A genomics approach towards salt stress tolerance

Hans J. Bohnert, Patricia Ayoubi, Chris Borchert, Ray A. Bressan, Robert L. Burnap, John C. Cushman, Mary Ann Cushman, Michael Deyholos, Robert Fischer, David W. Galbraith, Paul M. Hasegawa, Matt Jenks, Shinji Kawasaki, Hisashi Koiwa, Shin Kore-Eda, Byeong Ha Lee, Chris B. Michalowski, Eduardo Misawa, Mika Nomura, Neslihan OzturkBradley Postier, Rolf Prade, Chun Peng Song, Yuko Tanaka, Hong Wang, Jian Kang Zhu

Research output: Contribution to journalArticlepeer-review

167 Scopus citations


Abiotic stresses reduce plant productivity. We focus on gene expression analysis following exposure of plants to high salinity, using salt-shock experiments to mimic stresses that affect hydration and ion homeostasis. The approach includes parallel molecular and genetic experimentation. Comparative analysis is employed to identify functional isoforms and genetic orthologs of stress-regulated genes common to cyanobacteria, fungi, algae and higher plants. We analyze global gene expression profiles monitored under salt stress conditions through abundance profiles in several species: In the cyanobacterium Synechocystis PCC6803, in unicellular (Saccharomyces cerevisiae) and multicellular (Aspergillus nidulans) fungi, the eukaryotic alga Dunaliella salina, the halophytic land plant Mesembryanthemum crystallinum, the glycophytic Oryza sativa and the genetic model Arabidopsis thaliana. Expanding the gene count, stress brings about a significant increase of transcripts for which no function is known. Also, we generate insertional mutants that affect stress tolerance in several organisms. More than 400 000 T-DNA tagged lines of A. thaliana have been generated, and lines with altered salt stress responses have been obtained. Integration of these approaches defines stress phenotypes, catalogs of transcripts and a global representation of gene expression induced by salt stress. Determining evolutionary relationships among these genes, mutants and transcription profiles will provide categories and gene clusters, which reveal ubiquitous cellular aspects of salinity tolerance and unique solutions in multicellular species.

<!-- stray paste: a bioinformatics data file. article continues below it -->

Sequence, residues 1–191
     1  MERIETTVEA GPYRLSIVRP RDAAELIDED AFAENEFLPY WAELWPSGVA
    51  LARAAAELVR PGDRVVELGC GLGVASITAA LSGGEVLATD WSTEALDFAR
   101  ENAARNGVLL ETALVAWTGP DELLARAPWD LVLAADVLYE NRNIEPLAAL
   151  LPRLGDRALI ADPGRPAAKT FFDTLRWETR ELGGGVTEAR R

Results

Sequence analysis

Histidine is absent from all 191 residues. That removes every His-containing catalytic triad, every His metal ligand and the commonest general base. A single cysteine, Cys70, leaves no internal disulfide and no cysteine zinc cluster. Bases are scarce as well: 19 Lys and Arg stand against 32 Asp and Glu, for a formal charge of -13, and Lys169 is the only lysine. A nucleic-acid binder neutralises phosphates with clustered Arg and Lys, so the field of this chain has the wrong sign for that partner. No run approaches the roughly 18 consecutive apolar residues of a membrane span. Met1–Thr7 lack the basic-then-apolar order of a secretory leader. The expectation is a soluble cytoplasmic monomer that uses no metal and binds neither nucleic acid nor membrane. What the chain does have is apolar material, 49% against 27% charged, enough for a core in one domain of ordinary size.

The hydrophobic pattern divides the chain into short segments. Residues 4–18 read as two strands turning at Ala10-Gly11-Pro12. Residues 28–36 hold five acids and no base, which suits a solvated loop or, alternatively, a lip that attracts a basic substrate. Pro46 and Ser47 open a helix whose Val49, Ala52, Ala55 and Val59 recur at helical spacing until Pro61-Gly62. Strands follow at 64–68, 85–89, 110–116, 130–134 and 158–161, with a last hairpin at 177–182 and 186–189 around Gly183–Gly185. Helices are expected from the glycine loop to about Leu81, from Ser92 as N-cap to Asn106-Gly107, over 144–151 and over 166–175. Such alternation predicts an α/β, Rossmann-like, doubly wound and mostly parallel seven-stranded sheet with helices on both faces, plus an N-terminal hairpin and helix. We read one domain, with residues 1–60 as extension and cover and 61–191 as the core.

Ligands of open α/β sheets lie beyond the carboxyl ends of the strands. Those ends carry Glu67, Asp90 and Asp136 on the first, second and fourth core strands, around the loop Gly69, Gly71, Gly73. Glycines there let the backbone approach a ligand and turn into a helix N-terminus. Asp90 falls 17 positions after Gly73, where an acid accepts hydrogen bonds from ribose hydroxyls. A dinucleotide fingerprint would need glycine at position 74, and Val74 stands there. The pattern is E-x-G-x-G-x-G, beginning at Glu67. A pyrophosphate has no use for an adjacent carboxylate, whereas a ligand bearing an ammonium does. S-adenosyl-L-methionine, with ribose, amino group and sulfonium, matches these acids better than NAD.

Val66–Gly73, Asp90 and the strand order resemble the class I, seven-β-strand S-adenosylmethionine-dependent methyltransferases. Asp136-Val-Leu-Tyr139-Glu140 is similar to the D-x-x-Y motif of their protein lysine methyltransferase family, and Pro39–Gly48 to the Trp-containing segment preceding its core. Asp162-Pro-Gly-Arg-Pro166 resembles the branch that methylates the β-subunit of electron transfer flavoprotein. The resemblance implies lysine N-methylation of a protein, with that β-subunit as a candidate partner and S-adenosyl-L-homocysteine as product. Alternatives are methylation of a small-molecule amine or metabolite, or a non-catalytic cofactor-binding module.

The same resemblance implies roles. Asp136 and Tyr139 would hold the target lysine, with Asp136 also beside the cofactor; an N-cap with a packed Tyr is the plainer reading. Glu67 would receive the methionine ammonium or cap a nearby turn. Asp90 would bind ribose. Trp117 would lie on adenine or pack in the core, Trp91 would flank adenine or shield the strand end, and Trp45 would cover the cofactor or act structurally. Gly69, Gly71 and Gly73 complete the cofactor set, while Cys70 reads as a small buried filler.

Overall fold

Original languageEnglish (US)
Pages (from-to)295-311
Number of pages17
JournalPlant Physiology and Biochemistry
Issue number3-4
StatePublished - 2001


  • Arabidopsis T-DNA tag
  • EST sequencing
  • Functional genomics
  • Gene expression profiles
  • Microarray analysis
  • Phylogenetic profiles of stress tolerance
  • Salinity stress
  • Stress tolerance

ASJC Scopus subject areas

  • Physiology
  • Genetics
  • Plant Science


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